My pick of the novels I've read this year is The Last Letter From Your Lover by Jojo Moyes. The title is brilliant and the book doesn't disappoint. It's a fabulous, emotional and evocative novel - perfect for anyone who loves Mad Men. Modern-day journalist Ellie is investigating an old love affair from the 1960s, which echoes her own romantic situation. The 1960s romance is gripping, and full of atmospheric period details. The plot is so compulsive I was whipping over the pages, and the ending definitely requires tissues. Throughout the book, the chapters are interspersed with real-life 'last letters' from lovers - a wonderful touch.
Sophie Kinsella’s latest instalment in the Shopaholic series, Mini Shopaholic, was published in September.
I wasn't at all sure I'd even enjoy Before I Fall by Lauren Oliver, seeing as it's all about teenagers, written in the first-person present-tense, and involves a kind of Groundhog Day scenario. (I really hate repetition!) Needless to say, I was wrong, I loved it and I'm now declaring Before I Fall by Lauren Oliver my favourite book of 2010. It's just so incredibly clever, so perfectly plotted and spot on in every way. It also made me cry. A lot. Not such a good thing when you're reading on a train but strangely satisfying in the privacy of your own home - well, just so long as your own horrible teenagers don't catch you sobbing and make fun of you for being a total wuss!
Jill Mansell is an internationally bestselling author, with more than four million copies sold. She has written 21 women’s fiction novels, including her most recent release, Take a Chance on Me. She lives in Bristol, England, with her partner and their children. For more information, you can follow her on Twitter, @jillmansell or visit her website: www.jillmansell.co.uk.
My author pick for 2010 is The Happy Home for Broken Hearts - a moving and hugely entertaining novel by Rowan Coleman. It follows the story of Ellen Woods, a young mum and recent widow, who desperate to ease the pain of losing her husband Nick, escapes in the pages of the racy, romantic fiction she edits for a living. However, when money becomes tight, she is forced to take in lodgers who in their own special ways, make her open her heart and learn to love and live again. The characters are totally original and layered and I just loved the relationship between Ellen and her 12-year-old son, Charlie. Ellen feels like a real woman - not a cliche at all but it's ultimately my author pick because it is a beautiful, life-affirming story.
Katy Regan is author of One Thing Led to Another and The One Before the One, both published by HarperCollins. She also writes a blog at www.marieclaire.co.uk.
As I don't often get a chance to read, I choose my reading material very carefully and a book has to grab my interest right away. Being a lifelong Jane Austen fan and an incurable romantic, I was intrigued by the title A Weekend With Mr Darcy by Victoria Connelly. I wasn't disappointed! The book is a wonderful mix of contemporary fiction with likeable characters, romantic period drama and some exciting twists and turns. We follow Katherine Roberts, a lecturer specialising in the works of Jane Austen, and Robyn Love, a wildly romantic Austen fanatic as they both head to Purley Hall for the annual Jane Austen conference. Katherine is hoping to meet Lorna Warwick, an author with whom she's struck up a penpal relationship and with whom she's unwisely shared confidences. Robyn is saddled with her almost-ex boyfriend Jace, who's about the most unromantic guy around. At Purley Hall they enter into the Austen experience of gorgeous gowns and men in tight breeches and we are thrust headlong into the chaos that ensues as both Katherine and Robyn fall for men who have an awful lot to live up to. The book is well researched, with lots of references to Jane Austen's books. It left me smiling - I loved it!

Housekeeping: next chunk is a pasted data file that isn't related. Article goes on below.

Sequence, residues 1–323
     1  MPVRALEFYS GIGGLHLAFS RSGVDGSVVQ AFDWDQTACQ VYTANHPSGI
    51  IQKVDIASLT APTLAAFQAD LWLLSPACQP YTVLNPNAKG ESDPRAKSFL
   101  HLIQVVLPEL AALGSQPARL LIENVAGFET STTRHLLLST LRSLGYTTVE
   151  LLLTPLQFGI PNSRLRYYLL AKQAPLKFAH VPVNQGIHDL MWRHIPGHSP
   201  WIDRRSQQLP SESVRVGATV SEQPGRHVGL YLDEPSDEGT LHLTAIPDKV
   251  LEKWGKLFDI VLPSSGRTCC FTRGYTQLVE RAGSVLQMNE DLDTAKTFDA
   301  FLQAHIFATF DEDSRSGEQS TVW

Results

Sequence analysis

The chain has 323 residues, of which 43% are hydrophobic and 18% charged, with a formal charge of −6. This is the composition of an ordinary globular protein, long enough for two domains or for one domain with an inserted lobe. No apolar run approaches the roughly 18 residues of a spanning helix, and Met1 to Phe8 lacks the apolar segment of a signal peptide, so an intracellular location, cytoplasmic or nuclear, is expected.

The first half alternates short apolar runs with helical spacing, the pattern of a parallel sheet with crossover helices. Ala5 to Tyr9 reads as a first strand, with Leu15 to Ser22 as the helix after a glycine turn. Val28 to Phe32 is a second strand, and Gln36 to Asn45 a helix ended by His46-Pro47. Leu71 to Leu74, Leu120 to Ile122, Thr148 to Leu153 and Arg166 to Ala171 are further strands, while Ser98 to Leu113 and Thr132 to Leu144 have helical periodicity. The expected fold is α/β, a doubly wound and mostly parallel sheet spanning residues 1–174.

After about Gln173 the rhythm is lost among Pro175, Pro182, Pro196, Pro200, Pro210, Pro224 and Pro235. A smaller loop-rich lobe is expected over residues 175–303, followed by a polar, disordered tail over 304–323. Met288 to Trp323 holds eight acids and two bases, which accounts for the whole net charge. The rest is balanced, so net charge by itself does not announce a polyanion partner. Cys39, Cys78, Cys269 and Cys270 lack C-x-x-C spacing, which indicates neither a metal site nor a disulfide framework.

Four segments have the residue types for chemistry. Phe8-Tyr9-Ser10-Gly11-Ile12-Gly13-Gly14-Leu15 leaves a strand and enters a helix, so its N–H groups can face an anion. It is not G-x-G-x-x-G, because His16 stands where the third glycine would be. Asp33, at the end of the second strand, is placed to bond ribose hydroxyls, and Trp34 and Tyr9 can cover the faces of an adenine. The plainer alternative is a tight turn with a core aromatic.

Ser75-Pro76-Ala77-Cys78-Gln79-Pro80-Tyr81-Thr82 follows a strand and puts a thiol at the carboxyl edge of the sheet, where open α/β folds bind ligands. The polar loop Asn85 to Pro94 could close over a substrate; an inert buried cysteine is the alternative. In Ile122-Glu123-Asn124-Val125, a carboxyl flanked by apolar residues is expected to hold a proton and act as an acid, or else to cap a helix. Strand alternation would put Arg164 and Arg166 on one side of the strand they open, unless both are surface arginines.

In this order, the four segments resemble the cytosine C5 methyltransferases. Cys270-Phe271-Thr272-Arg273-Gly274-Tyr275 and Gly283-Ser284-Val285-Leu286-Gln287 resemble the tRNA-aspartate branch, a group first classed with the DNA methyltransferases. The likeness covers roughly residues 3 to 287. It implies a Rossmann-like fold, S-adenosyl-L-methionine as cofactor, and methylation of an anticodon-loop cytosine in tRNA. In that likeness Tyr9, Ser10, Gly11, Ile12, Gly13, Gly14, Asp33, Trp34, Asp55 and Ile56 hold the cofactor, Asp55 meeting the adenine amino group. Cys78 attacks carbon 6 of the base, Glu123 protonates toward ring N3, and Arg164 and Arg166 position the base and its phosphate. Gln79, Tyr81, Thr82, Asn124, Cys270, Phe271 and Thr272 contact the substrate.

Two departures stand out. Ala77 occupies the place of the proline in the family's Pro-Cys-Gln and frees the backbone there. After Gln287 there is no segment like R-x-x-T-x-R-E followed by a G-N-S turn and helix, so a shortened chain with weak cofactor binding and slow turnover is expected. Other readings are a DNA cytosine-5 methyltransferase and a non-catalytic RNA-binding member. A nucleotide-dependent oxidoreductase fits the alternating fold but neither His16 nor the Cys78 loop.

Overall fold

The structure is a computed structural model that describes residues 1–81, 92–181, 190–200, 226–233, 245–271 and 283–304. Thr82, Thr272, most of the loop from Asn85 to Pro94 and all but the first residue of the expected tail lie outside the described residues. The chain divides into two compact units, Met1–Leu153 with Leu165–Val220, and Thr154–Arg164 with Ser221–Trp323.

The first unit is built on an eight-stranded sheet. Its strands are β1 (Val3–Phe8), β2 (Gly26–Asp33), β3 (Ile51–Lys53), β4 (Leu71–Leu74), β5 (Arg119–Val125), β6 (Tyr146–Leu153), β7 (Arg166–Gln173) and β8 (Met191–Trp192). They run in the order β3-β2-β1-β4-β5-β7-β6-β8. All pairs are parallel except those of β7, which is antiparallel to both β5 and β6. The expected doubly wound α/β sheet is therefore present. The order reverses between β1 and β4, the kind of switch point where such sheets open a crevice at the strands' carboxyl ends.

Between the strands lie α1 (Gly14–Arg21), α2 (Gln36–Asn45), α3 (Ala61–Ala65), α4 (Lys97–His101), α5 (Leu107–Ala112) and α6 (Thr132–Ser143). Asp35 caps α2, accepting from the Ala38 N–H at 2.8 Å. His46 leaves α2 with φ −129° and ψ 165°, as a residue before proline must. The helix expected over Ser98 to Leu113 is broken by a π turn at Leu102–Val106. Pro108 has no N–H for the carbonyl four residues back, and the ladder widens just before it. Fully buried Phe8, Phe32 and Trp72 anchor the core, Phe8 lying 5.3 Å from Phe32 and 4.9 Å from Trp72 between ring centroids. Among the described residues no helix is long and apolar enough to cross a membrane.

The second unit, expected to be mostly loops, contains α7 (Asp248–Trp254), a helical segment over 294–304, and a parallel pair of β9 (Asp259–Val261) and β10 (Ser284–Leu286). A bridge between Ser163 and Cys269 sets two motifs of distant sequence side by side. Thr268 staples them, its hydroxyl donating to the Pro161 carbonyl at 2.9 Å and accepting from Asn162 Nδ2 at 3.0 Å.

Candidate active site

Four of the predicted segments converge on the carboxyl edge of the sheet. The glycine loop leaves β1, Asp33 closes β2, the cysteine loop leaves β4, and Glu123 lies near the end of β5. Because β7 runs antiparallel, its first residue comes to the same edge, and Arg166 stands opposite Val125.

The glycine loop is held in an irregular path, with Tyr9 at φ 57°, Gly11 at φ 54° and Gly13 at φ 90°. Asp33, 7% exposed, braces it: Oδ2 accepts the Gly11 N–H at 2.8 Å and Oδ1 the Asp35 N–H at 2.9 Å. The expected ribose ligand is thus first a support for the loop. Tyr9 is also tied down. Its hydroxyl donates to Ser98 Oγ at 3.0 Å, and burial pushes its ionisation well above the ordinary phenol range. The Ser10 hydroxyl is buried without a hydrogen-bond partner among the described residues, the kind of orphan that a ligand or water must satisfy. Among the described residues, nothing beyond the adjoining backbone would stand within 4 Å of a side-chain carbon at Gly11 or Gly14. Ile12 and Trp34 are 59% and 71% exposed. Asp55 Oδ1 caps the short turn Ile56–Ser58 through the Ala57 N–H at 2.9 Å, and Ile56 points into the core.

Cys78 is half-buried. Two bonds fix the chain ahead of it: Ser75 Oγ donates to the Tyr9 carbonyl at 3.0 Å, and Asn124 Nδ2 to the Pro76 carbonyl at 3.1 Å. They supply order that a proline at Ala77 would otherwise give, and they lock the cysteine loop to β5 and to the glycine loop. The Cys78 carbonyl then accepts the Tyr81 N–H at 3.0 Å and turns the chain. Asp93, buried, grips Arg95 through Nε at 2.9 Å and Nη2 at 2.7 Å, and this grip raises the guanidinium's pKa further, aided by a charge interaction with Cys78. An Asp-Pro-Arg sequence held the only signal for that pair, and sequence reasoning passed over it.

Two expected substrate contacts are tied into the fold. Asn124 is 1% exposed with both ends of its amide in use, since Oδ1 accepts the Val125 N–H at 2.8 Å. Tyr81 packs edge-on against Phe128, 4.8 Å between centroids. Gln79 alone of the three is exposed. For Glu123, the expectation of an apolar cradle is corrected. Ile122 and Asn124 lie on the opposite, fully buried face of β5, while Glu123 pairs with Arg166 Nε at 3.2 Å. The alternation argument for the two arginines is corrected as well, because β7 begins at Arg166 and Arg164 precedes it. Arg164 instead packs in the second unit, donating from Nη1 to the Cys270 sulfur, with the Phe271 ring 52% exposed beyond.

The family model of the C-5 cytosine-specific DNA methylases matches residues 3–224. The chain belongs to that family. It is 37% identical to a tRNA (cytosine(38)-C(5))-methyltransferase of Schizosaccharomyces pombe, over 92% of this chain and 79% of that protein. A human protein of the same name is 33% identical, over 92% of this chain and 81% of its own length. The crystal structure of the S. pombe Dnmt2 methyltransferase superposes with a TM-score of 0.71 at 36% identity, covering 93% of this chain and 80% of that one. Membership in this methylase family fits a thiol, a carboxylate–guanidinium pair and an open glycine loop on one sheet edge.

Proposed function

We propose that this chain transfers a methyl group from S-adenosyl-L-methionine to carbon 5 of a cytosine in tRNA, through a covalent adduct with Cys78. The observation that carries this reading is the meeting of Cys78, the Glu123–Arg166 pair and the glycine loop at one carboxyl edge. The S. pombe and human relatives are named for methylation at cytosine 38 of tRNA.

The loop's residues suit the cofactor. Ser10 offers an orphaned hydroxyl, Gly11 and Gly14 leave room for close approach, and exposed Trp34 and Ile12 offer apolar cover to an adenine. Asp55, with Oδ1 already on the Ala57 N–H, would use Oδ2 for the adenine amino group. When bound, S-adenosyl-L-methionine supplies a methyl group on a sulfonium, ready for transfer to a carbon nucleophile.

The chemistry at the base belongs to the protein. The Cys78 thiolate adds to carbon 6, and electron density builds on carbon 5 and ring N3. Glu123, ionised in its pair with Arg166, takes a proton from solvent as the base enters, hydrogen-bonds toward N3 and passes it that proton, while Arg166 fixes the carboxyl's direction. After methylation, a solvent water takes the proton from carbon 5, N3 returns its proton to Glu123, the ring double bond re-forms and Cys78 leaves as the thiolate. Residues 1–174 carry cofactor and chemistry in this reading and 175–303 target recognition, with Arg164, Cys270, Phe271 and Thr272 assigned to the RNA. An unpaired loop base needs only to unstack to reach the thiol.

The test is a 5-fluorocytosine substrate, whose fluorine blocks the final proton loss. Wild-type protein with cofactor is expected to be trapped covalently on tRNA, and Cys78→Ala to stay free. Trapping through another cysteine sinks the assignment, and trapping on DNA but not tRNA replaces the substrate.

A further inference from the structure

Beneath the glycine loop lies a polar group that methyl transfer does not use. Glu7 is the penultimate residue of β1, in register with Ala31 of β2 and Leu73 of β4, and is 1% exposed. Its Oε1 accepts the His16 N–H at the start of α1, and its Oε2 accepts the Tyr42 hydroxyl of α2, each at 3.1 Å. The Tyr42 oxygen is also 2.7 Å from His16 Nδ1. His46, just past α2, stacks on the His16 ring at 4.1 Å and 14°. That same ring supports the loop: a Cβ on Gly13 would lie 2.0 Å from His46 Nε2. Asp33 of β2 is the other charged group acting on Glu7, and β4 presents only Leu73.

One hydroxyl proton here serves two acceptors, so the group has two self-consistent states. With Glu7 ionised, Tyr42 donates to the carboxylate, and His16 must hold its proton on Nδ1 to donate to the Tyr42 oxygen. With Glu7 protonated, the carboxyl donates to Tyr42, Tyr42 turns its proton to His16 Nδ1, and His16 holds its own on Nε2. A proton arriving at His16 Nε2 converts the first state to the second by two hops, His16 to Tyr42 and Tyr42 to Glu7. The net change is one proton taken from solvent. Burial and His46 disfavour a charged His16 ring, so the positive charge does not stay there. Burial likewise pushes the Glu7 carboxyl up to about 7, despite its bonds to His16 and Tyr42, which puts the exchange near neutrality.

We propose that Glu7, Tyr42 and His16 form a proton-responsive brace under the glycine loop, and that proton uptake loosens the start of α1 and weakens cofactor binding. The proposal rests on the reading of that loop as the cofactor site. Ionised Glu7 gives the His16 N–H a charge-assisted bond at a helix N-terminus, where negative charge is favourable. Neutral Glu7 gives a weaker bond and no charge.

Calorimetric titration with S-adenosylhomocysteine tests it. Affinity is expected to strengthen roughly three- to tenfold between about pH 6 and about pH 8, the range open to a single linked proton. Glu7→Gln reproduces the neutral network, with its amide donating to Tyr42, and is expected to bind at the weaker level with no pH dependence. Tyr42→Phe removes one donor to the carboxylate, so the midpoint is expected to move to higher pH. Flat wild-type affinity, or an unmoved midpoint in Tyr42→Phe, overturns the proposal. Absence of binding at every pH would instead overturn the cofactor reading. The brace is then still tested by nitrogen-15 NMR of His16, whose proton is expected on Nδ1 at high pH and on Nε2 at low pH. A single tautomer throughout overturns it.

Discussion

Nurse Melanie Rose self-published her first novel, which led to a three-book deal with HarperCollins. She lives in Surrey with her husband and four sons. Down to Earth was released in October in the UK and Coming Home will be published as Finding Home in the US in 2011.
Choosing just one favorite book for 2010 proved almost as difficult as eating just one Lays potato chip or settling for a single M&M. It required far more self control (and self editing) than I normally possess. In the end I chose Jane Green’s Promises to Keep because of its beautiful storyline and compelling cast of characters who revolve around sisters Steffi Tollemache and Callie Perry. At 30, Steffi is still ducking adulthood and only half-heartedly trying to ‘find herself’ while her older sister Callie knows just how lucky she is to have found everything she ever wanted and now must face losing it. I write - and love to read - books about women discovering who they are and what they’re made of. Most often we only plumb our true depth and strength when the worst things happen. Jane Green knows this well; she’s a master at making us experience a stunning range of emotion. I’m not sure whether I cried more while reading the book or afterward, while reading the dedication. What I do know is that I feel the richer for having read this book. Promises to Keep is about making the hard choices and being there for the people we love. Even, or maybe especially, when it hurts.
Wendy Wax’s seventh novel, Ten Beach Road, will be out in May 2011. She lives in the Atlanta suburbs with her family.
I really enjoyed In Office Hours by Lucy Kellaway - an amusing but psychologically astute account of two office affairs: Bella, a 27-year-old secretary who seduces her balding, older boss; and Stella, the high-ranking female executive who embarks on a crazed affair with a subordinate. All four main characters work for Atlantic Energy, an international oil giant and anyone who has worked for a big company will relate to Kellaway’s wry, highly entertaining account of office culture - the stranglehold of political correctness, the petty politics (such as not wanting to be the first to arrive at a meeting) and occasional lunacy of CEO’s (vis-a-vis the decision to put a flashing oil barrel in reception). I laughed out loud at the scene where Stella switches off her Blackberry and bunks off work to be with her paramour for the afternoon while Atlantic Energy’s share price goes into freefall. As with her previous book Who Moved My Blackberry? it’s a light, fast read, made enjoyable by the author’s wry observation of corporate culture and human folly.
Karen Wheeler is a former newspaper fashion editor and the author of Tout Sweet: Hanging Up My High Heels For A New Life In Rural France. Her most recent book, Toute Allure: Falling In Love In Rural France was published in August this year. Her blog www.toutsweet.net charts her daily life in rural France.